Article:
Exhibition catalog: Flügge, Matthias, and Robert Fleck, editors, Hans Haacke for Real: Works 1959-2006 Düsseldorf: Richter Verlag, 2006. (With contributions by Walter Grasskamp, Benjmain Buchloh, Rosalyn Deutsche.)
[1] Walter Grasskamp, Molly Nesbit, and John Bird, eds., Hans Haacke (New York: Phaidon, 2004), 41.
[2] First English publication: Ian North, ed. Art Museums and Big Business (Kingston: Art Museums Association of Australia, 1984), 33-40.
[3] Grasskamp., 12.
[4] Ibid., 12.

Wednesday, December 06, 2006

Post-Modern Power or Merely Playtime?

Here in Berlin a competition is taking place. It is between neither football teams nor politicians nor beauty queens, but rather two Ferris wheels: the “World Wheel” and the “Giant Wheel.” Neither has been built yet, but in their planning stages both represent the city’s continual effort to transform into, and literally be able to see itself as, a first-class metropolis of recognizable stature. On the drawing board, the latter wheel is winning, sort of, with 5 meters of height on the merely 175 meter tall World Wheel, although the World Wheel is having an easier time collecting funds—200 million Euros--necessary to start construction. The competition also has a dicey tinge of East-West rivalry to it, with the World located near the famous Western transportation center Zoologischer Garten, and the Giant alongside the newly spruced-up Ostbahnhof, or “East-train-station.”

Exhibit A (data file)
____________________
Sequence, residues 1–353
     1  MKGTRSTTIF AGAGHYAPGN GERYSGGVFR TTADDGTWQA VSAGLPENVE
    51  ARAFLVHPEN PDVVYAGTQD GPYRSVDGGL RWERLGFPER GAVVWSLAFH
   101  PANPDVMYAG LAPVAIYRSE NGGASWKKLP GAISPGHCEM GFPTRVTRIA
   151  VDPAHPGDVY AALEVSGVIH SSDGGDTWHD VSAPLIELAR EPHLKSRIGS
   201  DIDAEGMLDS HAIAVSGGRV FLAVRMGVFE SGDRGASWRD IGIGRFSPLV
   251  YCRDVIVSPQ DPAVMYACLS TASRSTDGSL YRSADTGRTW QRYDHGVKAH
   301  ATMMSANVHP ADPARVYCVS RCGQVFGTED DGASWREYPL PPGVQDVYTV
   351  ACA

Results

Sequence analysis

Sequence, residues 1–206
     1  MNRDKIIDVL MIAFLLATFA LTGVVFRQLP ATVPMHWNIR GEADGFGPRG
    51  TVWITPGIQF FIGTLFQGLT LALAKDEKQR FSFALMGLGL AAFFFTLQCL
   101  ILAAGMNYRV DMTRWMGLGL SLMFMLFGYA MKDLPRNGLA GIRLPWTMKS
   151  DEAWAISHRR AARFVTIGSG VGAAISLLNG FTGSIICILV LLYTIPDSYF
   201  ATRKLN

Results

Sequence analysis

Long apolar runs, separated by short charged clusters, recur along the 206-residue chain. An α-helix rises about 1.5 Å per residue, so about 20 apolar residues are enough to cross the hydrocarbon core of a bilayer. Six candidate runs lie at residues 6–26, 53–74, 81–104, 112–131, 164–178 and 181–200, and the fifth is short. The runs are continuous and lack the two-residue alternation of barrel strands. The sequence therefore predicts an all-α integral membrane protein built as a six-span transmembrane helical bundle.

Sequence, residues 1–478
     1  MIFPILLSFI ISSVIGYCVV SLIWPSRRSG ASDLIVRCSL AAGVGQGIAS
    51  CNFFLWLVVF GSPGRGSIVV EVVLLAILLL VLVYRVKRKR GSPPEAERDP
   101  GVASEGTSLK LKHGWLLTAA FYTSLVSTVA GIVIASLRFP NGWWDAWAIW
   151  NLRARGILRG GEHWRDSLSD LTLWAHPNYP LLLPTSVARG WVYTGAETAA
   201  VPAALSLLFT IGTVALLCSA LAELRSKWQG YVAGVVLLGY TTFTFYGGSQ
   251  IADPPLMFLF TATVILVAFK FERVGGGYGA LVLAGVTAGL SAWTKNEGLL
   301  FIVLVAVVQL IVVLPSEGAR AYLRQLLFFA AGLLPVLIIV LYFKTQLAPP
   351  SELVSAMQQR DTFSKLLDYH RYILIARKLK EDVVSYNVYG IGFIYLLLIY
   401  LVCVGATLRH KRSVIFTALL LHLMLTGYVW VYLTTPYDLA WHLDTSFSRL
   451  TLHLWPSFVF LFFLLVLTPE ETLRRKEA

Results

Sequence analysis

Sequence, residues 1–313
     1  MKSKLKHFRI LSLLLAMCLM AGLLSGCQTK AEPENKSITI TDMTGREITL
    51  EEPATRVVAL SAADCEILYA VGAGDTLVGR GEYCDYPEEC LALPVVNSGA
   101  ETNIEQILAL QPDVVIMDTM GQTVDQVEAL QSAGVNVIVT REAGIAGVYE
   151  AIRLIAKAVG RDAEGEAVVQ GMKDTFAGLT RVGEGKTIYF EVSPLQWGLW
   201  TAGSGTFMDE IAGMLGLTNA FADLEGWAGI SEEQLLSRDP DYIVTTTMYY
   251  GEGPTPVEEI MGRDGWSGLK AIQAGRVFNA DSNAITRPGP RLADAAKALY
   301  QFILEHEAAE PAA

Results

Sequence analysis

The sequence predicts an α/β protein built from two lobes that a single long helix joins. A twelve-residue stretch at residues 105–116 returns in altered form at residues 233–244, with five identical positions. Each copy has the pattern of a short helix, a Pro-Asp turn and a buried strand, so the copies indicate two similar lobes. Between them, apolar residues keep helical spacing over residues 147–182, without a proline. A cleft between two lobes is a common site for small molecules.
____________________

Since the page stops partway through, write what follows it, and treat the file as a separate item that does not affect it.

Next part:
(Note: both Wheels bear names in the original English. Perhaps the world’s current-day lingua franca is employed to denote construction of international significance, or perhaps the owners simply know where the tourist dollars come from).

As with the London Eye, the premise behind these wheels is a popular and profitable tourist attraction that relies on the giddy pleasure of being high up in the sky and seeing all. And, as was the case in London in the pre-Eye era, there are sufficient extant look-out points in Berlin, for example, the cupola of the Reichstag or the cloud-grazing top of the Fernsehturm, or TV tower, unofficial icon of the city skyline. The added appeal of these wheels, then, is that their slightly peripheral location provides a view of all the viewing points, an ability to take in what you can’t take in if you are in the center of the city trying to take it all in.

But is that all? The paradox of a Ferris wheel is how sharply it exposes one’s atom-like existence compared to the spreading terrain out there while empowering the individual with an expansive gaze otherwise impossible to attain. The panoramic gaze has been a source of delight for centuries; in the United States nineteenth century landscape painters like German-born Albert Bierstadt showed their enormous canvases in conjunction with carefully constructed platforms, lighting, curtains, and curved walls so that the sweeping gaze would feel real, so that the view out over the landscape would be actual. These paintings were presented not as hermetic art but rather as entertainment; Bierstadt was no avant garde artiste but rather a showman.